Medicare permits a physician to bill for certain services furnished by a nurse practitioner or other auxiliary personnel under what is referred to as the “incident to” billing rules. The “incident to” rules permit services or supplies furnished as an integral, although incidental, part of the physician’s personal professional services in the course of diagnosis or treatment of an injury or illness to be reimbursed at 100% of the physician fee schedule, even if the service is not directly furnished by the billing physician.
A significant requirement to permit the services of physician extenders to be billed as “incident to” services requires direct personal supervision by the physician. The supervising physician does not necessarily need to be present in the room where the procedure is being performed. The “direct supervision” standard requires the supervising physician be “physically present in the office suite and immediately available to furnish assistance and direction” during the time the auxiliary personnel is providing the service.
The 2016 Medicare physician payment rule provided some clarification on how the direct supervision requirement under the “incident to” billing rules operates. The new rule clarifies that the physician who directly supervises the applicable auxiliary personnel is the only party that can bill the service of the auxiliary personnel as “incident to” his or her service. CMS considers this a clarification of its longstanding policy, but many providers will see this as a new restriction on the application of the “incident to” rules.
To understand the significance of this “clarification,” it is useful to note that more than one physician is often involved in the care of a patient. It is not uncommon for one physician to visit the patient and order a test or procedure that is then supervised by another physician. Prior to this “clarification,” the physician who originally ordered the service might have billed the service as “incident to” even though another physician actually supervised the performance of the service. The revised regulatory language clarified this is not permitted and that only the physician actually present in the office suite who supervises the service can bill for the service as “incident to” their service. When making a claim for services billed “incident to” a physician’s services, the billing number of the physician that actually supervises the performance of the service must be used rather than that of the ordering physician.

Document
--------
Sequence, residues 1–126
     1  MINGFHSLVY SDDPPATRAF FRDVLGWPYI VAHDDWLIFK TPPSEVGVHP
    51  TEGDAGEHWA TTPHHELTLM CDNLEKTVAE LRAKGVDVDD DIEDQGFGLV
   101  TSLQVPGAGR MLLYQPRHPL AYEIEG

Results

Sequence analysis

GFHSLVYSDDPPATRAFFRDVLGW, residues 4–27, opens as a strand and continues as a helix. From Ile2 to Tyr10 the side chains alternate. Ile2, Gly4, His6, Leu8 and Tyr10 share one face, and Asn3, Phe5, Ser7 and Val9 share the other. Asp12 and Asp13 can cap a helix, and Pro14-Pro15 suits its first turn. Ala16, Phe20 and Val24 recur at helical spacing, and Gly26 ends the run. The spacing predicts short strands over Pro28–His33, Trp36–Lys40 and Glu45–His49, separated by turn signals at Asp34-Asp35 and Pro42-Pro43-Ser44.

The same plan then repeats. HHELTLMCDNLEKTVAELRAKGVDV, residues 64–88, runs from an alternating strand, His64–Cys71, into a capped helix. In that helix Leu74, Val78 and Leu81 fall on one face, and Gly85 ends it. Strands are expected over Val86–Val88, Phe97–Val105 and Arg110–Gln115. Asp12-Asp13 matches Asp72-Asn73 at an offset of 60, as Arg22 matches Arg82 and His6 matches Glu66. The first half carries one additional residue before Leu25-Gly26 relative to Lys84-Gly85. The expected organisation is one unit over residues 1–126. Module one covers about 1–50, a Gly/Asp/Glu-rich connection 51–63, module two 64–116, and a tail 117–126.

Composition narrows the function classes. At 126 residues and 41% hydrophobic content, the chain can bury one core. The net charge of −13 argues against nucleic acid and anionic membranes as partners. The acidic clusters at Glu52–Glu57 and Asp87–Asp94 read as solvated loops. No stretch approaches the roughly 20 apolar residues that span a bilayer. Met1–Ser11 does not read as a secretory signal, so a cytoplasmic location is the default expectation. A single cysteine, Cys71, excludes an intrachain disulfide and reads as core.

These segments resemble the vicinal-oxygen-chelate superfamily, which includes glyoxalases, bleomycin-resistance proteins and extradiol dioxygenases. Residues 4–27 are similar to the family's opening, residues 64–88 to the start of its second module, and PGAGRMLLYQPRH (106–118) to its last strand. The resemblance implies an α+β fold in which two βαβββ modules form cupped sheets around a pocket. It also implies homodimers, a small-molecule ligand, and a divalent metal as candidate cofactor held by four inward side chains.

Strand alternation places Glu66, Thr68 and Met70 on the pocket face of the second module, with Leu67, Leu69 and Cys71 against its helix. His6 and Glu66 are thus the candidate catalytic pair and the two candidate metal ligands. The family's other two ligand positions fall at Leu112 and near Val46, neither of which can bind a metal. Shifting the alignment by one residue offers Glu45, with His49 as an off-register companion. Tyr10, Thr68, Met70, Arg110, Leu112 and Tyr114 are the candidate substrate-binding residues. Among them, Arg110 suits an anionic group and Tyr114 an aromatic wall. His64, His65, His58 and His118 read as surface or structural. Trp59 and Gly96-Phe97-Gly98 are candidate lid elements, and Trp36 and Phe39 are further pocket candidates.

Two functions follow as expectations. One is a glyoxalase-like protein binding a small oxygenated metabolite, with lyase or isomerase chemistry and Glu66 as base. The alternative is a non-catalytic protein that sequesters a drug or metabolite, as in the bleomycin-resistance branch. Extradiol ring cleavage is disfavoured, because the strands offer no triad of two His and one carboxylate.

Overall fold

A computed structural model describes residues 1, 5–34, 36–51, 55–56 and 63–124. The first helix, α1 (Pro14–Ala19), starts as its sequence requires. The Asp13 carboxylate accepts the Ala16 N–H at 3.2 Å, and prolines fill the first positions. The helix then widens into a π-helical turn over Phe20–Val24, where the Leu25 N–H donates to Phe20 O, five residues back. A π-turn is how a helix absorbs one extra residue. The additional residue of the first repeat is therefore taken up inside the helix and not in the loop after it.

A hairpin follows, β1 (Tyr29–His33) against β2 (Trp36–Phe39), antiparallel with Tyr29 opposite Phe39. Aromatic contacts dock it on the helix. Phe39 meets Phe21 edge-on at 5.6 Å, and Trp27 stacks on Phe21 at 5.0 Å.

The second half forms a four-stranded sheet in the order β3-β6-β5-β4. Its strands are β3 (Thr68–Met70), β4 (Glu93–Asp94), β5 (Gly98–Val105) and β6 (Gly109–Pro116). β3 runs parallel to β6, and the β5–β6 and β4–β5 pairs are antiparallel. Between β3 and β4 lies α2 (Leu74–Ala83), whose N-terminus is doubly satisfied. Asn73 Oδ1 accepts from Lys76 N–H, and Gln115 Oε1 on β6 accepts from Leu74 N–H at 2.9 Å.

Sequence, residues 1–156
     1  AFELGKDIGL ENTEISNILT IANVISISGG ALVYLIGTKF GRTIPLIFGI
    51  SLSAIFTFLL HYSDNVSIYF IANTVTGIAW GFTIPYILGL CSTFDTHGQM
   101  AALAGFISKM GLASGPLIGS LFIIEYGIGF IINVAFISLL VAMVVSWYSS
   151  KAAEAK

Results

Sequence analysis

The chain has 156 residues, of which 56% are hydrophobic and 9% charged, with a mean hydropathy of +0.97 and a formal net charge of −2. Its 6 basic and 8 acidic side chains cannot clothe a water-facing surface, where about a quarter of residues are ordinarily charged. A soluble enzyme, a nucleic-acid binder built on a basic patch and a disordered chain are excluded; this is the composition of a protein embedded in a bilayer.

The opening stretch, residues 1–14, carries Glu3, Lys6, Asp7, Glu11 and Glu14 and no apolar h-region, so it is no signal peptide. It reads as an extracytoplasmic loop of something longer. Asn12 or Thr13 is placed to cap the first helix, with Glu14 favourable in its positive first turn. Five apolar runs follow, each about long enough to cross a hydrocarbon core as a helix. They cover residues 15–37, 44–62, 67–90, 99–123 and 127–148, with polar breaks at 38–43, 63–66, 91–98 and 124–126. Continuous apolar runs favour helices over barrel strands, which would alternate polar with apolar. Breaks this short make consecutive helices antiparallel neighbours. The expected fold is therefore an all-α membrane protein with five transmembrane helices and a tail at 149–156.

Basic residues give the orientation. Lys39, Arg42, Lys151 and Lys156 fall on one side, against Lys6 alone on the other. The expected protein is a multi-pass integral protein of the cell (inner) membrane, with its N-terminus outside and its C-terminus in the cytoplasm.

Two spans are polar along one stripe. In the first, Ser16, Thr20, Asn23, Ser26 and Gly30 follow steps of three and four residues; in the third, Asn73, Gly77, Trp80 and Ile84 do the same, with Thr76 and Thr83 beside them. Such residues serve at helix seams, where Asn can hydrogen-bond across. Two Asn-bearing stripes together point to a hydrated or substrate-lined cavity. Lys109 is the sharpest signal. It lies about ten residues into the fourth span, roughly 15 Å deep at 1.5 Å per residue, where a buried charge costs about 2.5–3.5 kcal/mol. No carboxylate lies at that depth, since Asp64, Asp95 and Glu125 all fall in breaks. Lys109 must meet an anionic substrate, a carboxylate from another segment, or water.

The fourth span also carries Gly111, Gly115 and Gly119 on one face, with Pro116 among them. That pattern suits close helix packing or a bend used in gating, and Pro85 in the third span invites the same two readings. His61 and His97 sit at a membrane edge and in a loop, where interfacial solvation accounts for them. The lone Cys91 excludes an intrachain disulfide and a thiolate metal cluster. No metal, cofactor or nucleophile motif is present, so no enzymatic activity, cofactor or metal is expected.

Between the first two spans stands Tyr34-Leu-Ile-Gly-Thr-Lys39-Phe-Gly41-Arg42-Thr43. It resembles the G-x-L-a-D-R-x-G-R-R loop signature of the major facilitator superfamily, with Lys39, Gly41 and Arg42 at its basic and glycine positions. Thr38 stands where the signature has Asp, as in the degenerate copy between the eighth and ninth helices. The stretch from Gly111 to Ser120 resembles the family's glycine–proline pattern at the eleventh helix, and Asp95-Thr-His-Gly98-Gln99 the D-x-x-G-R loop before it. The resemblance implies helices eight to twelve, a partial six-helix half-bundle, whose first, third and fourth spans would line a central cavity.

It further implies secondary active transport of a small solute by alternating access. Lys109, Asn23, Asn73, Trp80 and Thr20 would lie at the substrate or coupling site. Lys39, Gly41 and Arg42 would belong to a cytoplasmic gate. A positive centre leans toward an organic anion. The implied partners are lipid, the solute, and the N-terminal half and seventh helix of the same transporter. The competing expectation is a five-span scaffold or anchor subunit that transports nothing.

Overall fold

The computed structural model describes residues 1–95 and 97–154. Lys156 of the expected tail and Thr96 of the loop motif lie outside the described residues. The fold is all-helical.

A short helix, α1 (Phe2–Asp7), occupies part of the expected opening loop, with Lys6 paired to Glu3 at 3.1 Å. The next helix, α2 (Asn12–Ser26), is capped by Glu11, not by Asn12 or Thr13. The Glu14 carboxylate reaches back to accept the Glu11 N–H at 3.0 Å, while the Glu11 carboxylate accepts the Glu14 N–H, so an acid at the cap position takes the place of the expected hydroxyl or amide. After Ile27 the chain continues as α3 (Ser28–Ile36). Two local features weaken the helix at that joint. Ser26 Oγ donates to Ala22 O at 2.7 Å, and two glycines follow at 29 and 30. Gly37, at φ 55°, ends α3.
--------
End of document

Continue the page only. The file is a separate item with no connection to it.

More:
CMS clarifies the reasoning behind this rule as follows: “[B]illing practitioners should have a personal role in, and responsibility for, furnishing services for which they are billing and receiving payment as an incident to their own professional service.”
In view of this regulatory clarification, providers may wish to reexamine their billing process and procedures to clarify the correct billing for “incident to” services. Staff should also be trained on the proper supervision of services billed under the “incident to” rules.
Source: Blue Ink Blog